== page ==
Life satisfaction and self-employment: a matching approach
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Despite lower incomes, the self-employed consistently report higher satisfaction with their jobs. But are self-employed individuals also happier, more satisfied with their lives as a whole? High job satisfaction might cause them to neglect other important domains of life, such that the fulfilling job crowds out other pleasures, leaving the individual on the whole not happier than others. Moreover, self-employment is often chosen to escape unemployment, not for the associated autonomy that seems to account for the high job satisfaction. We apply matching estimators that allow us to better take into account the above-mentioned considerations and construct an appropriate control group (in terms of balanced covariates). Using the BHPS dataset that comprises a large nationally representative sample of the British populace, we find that individuals who move from regular employment into self-employment experience an increase in life satisfaction (up to 2 years later), while individuals moving from unemployment to self-employment are not more satisfied than their counterparts moving from unemployment to regular employment. We argue that these groups correspond to “opportunity” and “necessity” entrepreneurship, respectively. These findings are robust with regard to different measures of subjective well-being as well as choice of matching variables, and also robustness exercises involving “simulated confounders”.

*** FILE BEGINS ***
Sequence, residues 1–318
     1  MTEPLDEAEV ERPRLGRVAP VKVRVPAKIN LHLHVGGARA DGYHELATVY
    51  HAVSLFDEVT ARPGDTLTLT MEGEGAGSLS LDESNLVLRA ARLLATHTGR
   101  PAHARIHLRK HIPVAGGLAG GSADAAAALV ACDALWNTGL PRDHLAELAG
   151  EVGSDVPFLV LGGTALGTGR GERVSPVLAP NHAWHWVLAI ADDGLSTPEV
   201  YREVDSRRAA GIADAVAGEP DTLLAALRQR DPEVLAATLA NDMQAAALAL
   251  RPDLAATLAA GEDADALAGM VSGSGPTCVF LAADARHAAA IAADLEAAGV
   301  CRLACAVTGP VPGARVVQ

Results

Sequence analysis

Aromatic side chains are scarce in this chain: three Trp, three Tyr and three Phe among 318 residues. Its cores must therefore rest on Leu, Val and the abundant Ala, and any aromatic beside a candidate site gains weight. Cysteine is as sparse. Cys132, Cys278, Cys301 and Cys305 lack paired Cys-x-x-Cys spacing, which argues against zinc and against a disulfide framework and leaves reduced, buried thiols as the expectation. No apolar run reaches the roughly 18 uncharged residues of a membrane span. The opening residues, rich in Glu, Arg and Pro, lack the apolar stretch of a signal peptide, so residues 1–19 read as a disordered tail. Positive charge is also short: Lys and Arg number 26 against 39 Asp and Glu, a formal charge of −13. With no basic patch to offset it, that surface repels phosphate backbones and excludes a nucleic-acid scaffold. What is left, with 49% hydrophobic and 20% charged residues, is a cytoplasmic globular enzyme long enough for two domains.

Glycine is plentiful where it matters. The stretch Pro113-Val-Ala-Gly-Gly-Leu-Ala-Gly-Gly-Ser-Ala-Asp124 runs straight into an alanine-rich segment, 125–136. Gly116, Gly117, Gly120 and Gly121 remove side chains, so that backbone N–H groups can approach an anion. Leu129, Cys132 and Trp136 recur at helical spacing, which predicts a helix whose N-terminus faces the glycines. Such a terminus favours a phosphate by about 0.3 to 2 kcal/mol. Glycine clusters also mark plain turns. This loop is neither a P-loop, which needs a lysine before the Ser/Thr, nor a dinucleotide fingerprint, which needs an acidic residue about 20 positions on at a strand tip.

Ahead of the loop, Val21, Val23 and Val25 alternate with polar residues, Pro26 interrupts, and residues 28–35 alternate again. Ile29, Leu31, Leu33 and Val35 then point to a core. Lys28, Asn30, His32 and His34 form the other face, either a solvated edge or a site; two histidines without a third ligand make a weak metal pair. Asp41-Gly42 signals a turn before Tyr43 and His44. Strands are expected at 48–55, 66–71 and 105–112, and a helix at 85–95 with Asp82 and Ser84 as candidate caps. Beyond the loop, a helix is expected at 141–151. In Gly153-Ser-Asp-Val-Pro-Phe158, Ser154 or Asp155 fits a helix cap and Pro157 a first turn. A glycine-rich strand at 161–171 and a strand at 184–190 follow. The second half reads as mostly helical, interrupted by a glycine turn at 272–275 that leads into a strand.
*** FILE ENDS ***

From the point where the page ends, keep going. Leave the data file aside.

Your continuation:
KeywordsSelf-employment Happiness Matching estimators Unemployment BHPS Necessity entrepreneurship
JEL ClassificationsL26 J24 J28 C21
No individuals were mistreated during our matching procedures. We are grateful to Tom Broekel, Rob Byrne, Jan Fagerberg, Steffen Künn, Ben Martin, Maria Savona, Josh Siepel, Jagannadha Pawan Tamvada, Dagmara Weckowska, Ulrich Witt and seminar participants at SPRU (University of Sussex) and Kingston University, and also to Bram Timmermans for some interesting suggestions, comments, etm. We also want to thank two anonymous referees for many invaluable comments and suggestions. The authors are grateful for having been granted access to the BHPS data set, which was made available through the ESRC Data Archive. The data were originally collected by the ESRC Research Centre on Micro-Social Change at the University of Essex (now incorporated within the Institute for Social and Economic Research). Neither the original collectors of the data nor the Archive bear any responsibility for the analyses or interpretations presented here. Any remaining errors are ours alone. We are grateful for financial support from the ESRC, TSB, BIS and NESTA on grants ES/H008705/1 and ES/J008427/1 as part of the IRC distributed projects initiative. Alex Coad also received funding from the AHRC as part of the FUSE project.
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